Right of Way

St. Paul’s Cathedral, London England, Summer 2012, taken by Tanya Nielsen

I have been rereading some of the previous posts in this blog, and found inspiration in Sonja Boon’s post Water Stories. She mentions that the difference between a young river and old river is that a young river is straight and an old river bends and bends (Boon, 08/28/15). I have been thinking about how water shapes and changes the landscape it occupies, and I remembered something about how people shape and change the landscape they occupy.

While I have traveled to and seen locations of changing landscape, England is the one that I think of the most. I felt like a time traveler while I was there, the way the old and new sit side by side, pressing up against each other like they’ve always been together. London is a city thousands of years old; it has been built and rebuilt so many times and remnants of the past are not torn down but remain standing.

One can walk around the city and see pieces of the London Wall (built 200 AD ca.) next to apartment buildings, and even in a car park. The featured image for this post is of St. Paul’s Cathedral, built in 1675 by Christopher Wren; it was taken from shopping centre One New Change, completed in 2010 by Jean Nouvel. History is everywhere, and so are dreams of the future.

While architecture and structure define the landscape of the city, people are defining the landscape of the rest of the country through the right of public space. England and Wales passed the Countryside and Rights of Way Act in 2000, which secures footpaths, the right to roam in public spaces, and prevents the privatization of certain areas if there is a local tradition of access (see here).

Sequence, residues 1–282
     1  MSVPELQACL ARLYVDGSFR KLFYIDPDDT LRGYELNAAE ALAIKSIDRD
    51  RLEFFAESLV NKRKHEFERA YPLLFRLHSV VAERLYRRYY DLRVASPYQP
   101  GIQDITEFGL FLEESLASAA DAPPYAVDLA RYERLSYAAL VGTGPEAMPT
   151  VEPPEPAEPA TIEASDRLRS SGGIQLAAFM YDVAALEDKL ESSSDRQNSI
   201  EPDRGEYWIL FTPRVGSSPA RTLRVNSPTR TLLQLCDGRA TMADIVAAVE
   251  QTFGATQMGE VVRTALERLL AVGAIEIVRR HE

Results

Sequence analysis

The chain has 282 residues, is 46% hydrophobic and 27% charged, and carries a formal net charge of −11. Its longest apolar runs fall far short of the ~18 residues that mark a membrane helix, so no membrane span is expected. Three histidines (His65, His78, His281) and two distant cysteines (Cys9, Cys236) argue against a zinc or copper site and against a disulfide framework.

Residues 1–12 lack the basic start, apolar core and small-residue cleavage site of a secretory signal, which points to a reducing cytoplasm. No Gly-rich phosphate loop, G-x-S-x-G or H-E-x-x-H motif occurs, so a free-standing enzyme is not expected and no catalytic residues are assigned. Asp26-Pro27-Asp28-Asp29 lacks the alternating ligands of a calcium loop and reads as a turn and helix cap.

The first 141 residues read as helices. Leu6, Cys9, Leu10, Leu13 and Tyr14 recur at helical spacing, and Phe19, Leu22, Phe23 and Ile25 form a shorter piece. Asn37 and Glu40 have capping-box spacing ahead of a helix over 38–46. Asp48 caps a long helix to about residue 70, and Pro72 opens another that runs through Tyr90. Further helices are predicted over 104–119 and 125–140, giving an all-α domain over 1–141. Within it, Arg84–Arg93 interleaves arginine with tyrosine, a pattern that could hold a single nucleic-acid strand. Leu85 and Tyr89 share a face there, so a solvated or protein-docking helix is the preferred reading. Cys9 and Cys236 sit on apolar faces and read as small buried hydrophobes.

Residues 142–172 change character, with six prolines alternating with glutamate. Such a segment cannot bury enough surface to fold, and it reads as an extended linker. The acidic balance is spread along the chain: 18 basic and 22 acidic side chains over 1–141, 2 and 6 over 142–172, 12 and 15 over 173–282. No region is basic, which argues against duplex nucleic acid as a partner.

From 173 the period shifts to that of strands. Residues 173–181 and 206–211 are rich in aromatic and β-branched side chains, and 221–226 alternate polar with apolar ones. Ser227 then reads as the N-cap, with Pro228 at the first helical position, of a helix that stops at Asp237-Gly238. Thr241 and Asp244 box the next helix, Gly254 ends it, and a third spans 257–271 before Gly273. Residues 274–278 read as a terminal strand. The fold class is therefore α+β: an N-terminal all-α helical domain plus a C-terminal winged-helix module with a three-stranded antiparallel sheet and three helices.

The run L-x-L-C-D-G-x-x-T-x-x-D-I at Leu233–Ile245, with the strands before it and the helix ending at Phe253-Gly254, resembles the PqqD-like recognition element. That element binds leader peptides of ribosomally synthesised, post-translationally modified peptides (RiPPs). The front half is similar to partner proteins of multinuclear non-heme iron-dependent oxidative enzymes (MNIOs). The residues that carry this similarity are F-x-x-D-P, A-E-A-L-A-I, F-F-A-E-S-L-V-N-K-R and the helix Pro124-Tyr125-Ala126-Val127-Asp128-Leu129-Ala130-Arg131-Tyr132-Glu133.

Avebury Pathway, Avebury England, Summer 2012, taken by Tanya Nielsen

Paths that have been around for hundreds of years needed to be protected from progressive building developments and privatization of public spaces, and new paths are being created where they are needed to preserve areas for public use. People cannot build on, or prevent people from accessing these areas, so they have to build or privatize around them.

This was mainly designed for places outside of London, but people have been pushing for the same consideration in the city that has been developing for over a thousand years. In doing so, the architectural landscape has these empty spaces that have been left alone. There are walkways through buildings, and alleys that bend and bend, like an old river.

I found it interesting that I was walking along the same paths that other people had walked for centuries beforehand, that I had a right to walk through fields, back alleys, and buildings because there needs to be a path there. Now, I find it fascinating that English landscape can be defined by what is not there, as much as what is.

A gap between structures can be a path, like a crumbled piece of stone was part of a wall. An open area can be as corporeal as if it were a building, because it is protected and that protection effects the geographical landscape. My right to an area means that I change a landscape through my use of it.

© Tanya Nielsen (tjn710@mun.ca),  2016



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